The WSJ’s 3% Solution

A Journal story this morning reports that a White House claim that the stimulus bill saved or created 640,000 jobs is overstated.

The number of jobs the Obama administration credits to federal stimulus money could be overstated by at least 20,000 of the 640,000 claimed, a Wall Street Journal analysis found.

The story appears on A6, so there’s no need to make too much of it, but this is only to note that its findings amount to three percent of the administration’s total claim, more or less a rounding error.

The White House responds predictably:

Ed DeSeve, the senior adviser to President Barack Obama on implementation of the stimulus plan, said Tuesday in a statement responding to questions from the Journal that the administration knew the reports were not “100 percent accurate” but that the plan was supposed “to create jobs, not count them.” He said that even the “approximate” total pointed to “tremendous progress.”

“We are looking at both overcount reports and undercount reports, and continue to ask questions of recipients to try to fix errors,” Mr. DeSeve said. “In the end, we think any adjustments to the direct jobs count will be modest as a percentage of the 640,000 jobs total, either raising it or lowering it slightly.”

Sounds about right.

To be fair to the story, its anecdotes are better than the quantitative findings highlighted in the lead paragraph:

A Kentucky shoe-store owner claimed to have created or saved nine jobs with an $889.60 contract to supply work boots to the Army Corps of Engineers. The owner said he supplied nine pairs of boots and that the mistake arose from confusion over the government form.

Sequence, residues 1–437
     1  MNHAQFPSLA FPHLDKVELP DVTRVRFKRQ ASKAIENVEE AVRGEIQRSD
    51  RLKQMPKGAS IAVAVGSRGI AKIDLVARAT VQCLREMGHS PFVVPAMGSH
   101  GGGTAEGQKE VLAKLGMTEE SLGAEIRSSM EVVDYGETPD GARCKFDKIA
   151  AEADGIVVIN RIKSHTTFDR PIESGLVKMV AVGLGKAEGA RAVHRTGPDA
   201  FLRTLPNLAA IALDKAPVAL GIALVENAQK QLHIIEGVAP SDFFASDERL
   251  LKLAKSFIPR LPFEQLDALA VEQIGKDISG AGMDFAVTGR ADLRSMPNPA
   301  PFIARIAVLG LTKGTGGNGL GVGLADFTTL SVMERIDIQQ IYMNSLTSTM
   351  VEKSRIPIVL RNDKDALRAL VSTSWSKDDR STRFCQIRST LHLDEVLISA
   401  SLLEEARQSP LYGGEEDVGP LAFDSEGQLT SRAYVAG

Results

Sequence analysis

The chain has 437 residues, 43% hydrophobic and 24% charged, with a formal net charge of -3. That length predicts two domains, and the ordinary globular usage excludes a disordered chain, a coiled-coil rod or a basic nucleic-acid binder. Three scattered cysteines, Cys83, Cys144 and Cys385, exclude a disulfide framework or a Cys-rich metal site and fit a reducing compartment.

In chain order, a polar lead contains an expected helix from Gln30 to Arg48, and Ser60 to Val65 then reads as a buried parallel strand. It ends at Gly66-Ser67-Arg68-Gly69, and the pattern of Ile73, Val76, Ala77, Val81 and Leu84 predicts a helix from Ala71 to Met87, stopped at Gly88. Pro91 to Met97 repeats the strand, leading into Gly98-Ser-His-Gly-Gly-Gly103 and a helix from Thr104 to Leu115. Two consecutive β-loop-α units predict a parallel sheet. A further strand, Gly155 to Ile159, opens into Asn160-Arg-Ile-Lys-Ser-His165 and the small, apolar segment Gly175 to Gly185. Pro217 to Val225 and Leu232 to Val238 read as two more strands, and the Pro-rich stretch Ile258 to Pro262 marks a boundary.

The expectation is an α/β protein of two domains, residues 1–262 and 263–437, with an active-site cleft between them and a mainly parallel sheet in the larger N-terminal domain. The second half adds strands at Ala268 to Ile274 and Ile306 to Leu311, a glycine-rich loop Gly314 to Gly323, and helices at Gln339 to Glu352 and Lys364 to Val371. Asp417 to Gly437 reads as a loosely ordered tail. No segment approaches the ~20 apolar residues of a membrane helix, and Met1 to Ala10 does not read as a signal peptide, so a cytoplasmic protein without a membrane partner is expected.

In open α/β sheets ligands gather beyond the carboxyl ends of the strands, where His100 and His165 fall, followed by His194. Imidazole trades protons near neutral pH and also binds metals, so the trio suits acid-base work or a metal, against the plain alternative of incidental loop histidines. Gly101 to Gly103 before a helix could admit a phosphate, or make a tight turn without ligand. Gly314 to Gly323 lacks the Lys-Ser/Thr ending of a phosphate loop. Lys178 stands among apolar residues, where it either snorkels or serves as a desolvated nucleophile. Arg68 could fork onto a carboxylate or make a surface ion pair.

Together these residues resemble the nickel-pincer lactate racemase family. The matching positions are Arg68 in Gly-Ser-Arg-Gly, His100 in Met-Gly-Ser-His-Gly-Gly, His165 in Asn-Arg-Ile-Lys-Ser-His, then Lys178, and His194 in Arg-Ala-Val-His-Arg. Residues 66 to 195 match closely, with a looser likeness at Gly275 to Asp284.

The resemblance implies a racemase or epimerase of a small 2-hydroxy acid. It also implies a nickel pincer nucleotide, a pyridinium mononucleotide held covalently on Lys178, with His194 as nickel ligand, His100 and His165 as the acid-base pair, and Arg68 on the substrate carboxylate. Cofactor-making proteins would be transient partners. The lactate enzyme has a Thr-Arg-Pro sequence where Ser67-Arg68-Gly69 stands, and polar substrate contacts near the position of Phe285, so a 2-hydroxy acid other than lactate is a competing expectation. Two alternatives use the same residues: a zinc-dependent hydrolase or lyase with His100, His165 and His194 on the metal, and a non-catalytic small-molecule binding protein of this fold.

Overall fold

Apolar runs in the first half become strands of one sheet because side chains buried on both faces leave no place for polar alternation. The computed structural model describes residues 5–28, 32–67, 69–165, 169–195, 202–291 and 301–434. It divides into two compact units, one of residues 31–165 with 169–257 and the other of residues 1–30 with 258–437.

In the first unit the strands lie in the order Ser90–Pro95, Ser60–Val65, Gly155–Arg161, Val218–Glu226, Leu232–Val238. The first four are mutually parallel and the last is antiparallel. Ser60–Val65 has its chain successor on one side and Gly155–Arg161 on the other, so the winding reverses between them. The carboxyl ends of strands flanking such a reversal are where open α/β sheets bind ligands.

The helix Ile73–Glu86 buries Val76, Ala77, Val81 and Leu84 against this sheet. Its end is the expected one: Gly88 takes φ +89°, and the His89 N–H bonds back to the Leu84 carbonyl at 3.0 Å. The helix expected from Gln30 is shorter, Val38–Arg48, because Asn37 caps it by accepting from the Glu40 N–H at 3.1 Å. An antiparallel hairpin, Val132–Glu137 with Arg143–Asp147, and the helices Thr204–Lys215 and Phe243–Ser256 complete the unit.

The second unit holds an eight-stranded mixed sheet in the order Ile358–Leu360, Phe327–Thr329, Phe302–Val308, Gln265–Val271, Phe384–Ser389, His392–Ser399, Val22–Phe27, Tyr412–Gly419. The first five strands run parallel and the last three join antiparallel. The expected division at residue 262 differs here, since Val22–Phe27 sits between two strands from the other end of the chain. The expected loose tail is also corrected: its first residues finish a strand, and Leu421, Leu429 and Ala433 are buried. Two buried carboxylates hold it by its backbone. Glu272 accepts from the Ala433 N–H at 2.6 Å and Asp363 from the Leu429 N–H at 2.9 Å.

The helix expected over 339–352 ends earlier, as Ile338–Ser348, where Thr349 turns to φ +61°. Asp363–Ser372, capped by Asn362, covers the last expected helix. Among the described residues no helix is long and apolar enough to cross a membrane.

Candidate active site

Not boots—jobs! Doh.

And this one:

“Holy moly, that’s not right,” Teresa Cox, executive director of the Mid-Willamette Valley Community Action Agency in Salem, Ore., said of her organization’s report. It indicated that 205 jobs were created or saved with the agency’s $397,761 federal grant. The money, she said, was used for pay raises.

Ms. Cox said her agency thought it was supposed to report the number of employees affected by the stimulus money. “And the only way to do that was to create new jobs or retain jobs.”
An HHS spokesman, Luis Rosero, said the department had told recipients to report only fractions of a job if the money was being used for bonuses or raises.

Whatever that means.

I’ll leave it to others to argue about the effectiveness of the stimulus, though there doesn’t seem to be much dispute outside of tea-bagging circles that it kept the economy from running off a cliff. (For ideological contrast, check out the NYT’s piece today on a how government spending saved Oshkosh Corp.).

What’s notable about this story isn’t the Fox News-y angle, although, sure, you can’t help think about it, and the story does bring to mind the Congressional expenses non-story that got page one play over the summer and then sank without a trace.

The fact is, though, newspapers are supposed to check government claims on things like this.

No, what strikes me about this story is its hurried, hit-and-run feel. The story says it is based on a “Wall Street Journal analysis,” but the “analysis” is later described merely as a “preliminary review.”

Most recipients of stimulus money are required to file quarterly reports on how they used it. The government published more than 150,000 such reports late last week. A preliminary review revealed dozens of recipients claiming to have created or saved at least one job with less than $2,000 in stimulus money, to a total of at least 3,300 jobs.

So, we’re looking at a preliminary review of 150,000 quarterly reports—150,000—published ”late last week.” Today is Wednesday. How many reports can you review in that amount of time? It should be no surprise that the paper came back with 700-word story that contains some tantalizing anecdotes but nothing more—heat, no light. If the miscounts throughout the data are anything like the egregious errors contained here, then the Obama administration claim is off by way more than 20,000. But we don’t know that.

An investigation, if you’re going to bother with it, take times, patience, and editorial discipline. Whatever this was meant to be, it isn’t that.

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Dean Starkman Dean Starkman runs The Audit, CJR's business section, and is the author of The Watchdog That Didn't Bark: The Financial Crisis and the Disappearance of Investigative Journalism (Columbia University Press, January 2014). Follow Dean on Twitter: @deanstarkman.